UCSF researchers investigating the appropriate use of procedures to open narrowed coronary arteries -- such as angioplasty and stenting -- found that less than half of Medicare patients had documented noninvasive stress testing prior to elective percutaneous coronary intervention, or PCI, the clinical name for such procedures.
The team analyzed a 20 percent random sample of 2004 Medicare claims data, amounting to 23,887 patients who were 65 years or older. The researchers found that 44.5 percent of the study population underwent stress testing within 90 days prior to receiving elective PCI.
PCI is often used to treat angina and ischemia, both of which occur when there is inadequate blood supply to an area of the heart. PCI can provide quicker relief than medical therapy alone, researchers say, but it also carries an increased risk of repeat revascularization, late-stent thrombosis (formation of blood clots) and a decreased quality of life if performed in patients with minimal symptoms.
"With the increasingly widespread use of PCI in patients with stable coronary artery disease, it is important that the procedure is being done in patients for whom there is reasonable expectation of benefit, patients with documented ischemia or its symptoms," said Rita Redberg, MD, corresponding author on the paper who is a cardiologist at UCSF Medical Center and director of Women's Cardiovascular Services at the UCSF National Center of Excellence in Women's Health.
Patients with stable coronary artery disease now account for the majority of PCIs done in the United States, according to previous studies published in the journal "Circulation." Given this shift, the researchers note, guidelines have been published jointly by the American College of Cardiology, the American Heart Association and the Society for Cardiovascular Angiography and Intervention recommending that any vessels to be dilated for patients with stable angina must be shown to be "associated with a moderate to severe degree of ischemia on noninvasive testing." Previous studies have shown that patients who receive PCI in accordance with these guidelines have better outcomes.
"This means, in most patients who are not having a heart attack, a noninvasive stress test should take place before physicians make the decision to go forward with invasive procedures like stenting and angioplasty," said Grace Lin, MD, lead author on the paper and associate adjunct professor of medicine at UCSF. "We undertook this study to scrutinize a common procedure to learn how best to direct our resources."
The researchers found that there was significant geographic variation in the rate of stress testing by hospital referral region, with rates ranging from a low of 22.1 percent to a high of 70.6 percent.
Patients who had a prior cardiac catheterization (the passing of a thin flexible tube into the heart to obtain diagnostic information or to provide treatment) were less likely to undergo stress testing prior to elective PCI.
The team also found that patient characteristics were associated with the likelihood of a patient receiving a stress test prior to PCI. Female sex, age of 85 years or older and having co-existing illnesses such as rheumatic disease, chronic obstructive pulmonary disease, congestive heart failure and coronary artery disease were associated with a decreased likelihood of stress testing prior to PCI. Yet, being of the black race and having a history of chest pain was associated with an increased likelihood of a stress test prior to PCI.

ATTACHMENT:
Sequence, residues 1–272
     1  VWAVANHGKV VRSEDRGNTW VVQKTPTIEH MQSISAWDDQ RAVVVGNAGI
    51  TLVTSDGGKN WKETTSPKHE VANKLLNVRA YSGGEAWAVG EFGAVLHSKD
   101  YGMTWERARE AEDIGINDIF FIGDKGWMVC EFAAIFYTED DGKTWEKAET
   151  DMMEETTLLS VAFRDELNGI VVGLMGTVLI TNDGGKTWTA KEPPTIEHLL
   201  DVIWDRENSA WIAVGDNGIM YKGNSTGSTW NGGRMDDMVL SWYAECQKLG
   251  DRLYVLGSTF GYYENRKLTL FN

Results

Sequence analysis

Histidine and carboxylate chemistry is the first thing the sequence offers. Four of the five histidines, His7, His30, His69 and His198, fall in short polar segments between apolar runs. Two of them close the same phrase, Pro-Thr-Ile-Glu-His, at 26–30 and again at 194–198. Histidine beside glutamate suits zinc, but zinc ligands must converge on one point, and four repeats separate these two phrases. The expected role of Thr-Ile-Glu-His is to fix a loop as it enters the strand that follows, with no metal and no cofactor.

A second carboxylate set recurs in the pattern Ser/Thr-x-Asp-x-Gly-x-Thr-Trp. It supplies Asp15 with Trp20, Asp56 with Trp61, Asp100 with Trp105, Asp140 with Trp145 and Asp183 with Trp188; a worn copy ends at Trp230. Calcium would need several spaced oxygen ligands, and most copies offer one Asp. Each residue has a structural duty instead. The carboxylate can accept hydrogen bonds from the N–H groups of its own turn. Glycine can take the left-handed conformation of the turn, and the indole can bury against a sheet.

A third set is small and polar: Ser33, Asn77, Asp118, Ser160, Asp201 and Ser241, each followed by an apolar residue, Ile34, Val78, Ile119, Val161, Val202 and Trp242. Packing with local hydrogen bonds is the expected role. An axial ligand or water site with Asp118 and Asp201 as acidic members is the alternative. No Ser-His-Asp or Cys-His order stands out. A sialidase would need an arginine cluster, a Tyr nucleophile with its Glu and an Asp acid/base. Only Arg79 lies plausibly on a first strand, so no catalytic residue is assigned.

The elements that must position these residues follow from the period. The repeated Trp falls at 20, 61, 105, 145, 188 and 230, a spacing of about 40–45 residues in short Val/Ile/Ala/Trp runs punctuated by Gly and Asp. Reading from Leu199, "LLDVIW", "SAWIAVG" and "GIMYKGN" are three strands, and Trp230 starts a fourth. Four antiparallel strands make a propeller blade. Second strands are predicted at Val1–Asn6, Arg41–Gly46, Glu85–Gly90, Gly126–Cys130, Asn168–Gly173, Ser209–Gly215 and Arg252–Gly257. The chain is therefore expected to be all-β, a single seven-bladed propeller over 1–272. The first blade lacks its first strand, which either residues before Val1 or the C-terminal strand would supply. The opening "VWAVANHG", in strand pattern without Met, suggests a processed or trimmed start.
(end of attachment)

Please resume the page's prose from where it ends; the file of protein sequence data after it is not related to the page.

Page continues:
Patients of physicians who performed a higher volume of PCI procedures had slightly lower rates of stress testing. No hospital characteristics were associated with whether patients received stress testing, but taken together, hospital factors such as type of equipment, whether the facility had a catheterization laboratory, a cardiac surgery program or whether it was a teaching hospital did associate with a higher likelihood of stress testing.
"This tells us that where you live, who you see, what race and gender you belong to and what type of facility exists in your area affects whether you will have a stress test prior to receiving a stent or angioplasty." Lin said. "We want to understand why physicians make the decisions they make so we can improve care and encourage more evidence-based practice. Further studies will help elucidate these questions."
Findings are reported in the October 15th issue of the "Journal of the American Medical Association."
Additional co-authors on the paper were Adams Dudley, MD, MBA, associate professor with the UCSF Philip R. Lee Institute for Health Policy Studies; F.L. Lucas, PhD, researcher with the Center for Outcomes Research and Evaluation at Maine Medical Center; David J. Malenka, MD, professor in the Division of Cardiology at Dartmouth-Hitchcock Medical Center; and Eric Vittinghoff, PhD, adjunct professor in the UCSF Division of Epidemiology and Biostatistics.
The study was funded by the Blue Shield of California Foundation. A portion of Dudley's work was supported by an Investigator Award in Health Policy from the Robert Woods Johnson Foundation.
Materials provided by University of California - San Francisco. Note: Content may be edited for style and length.
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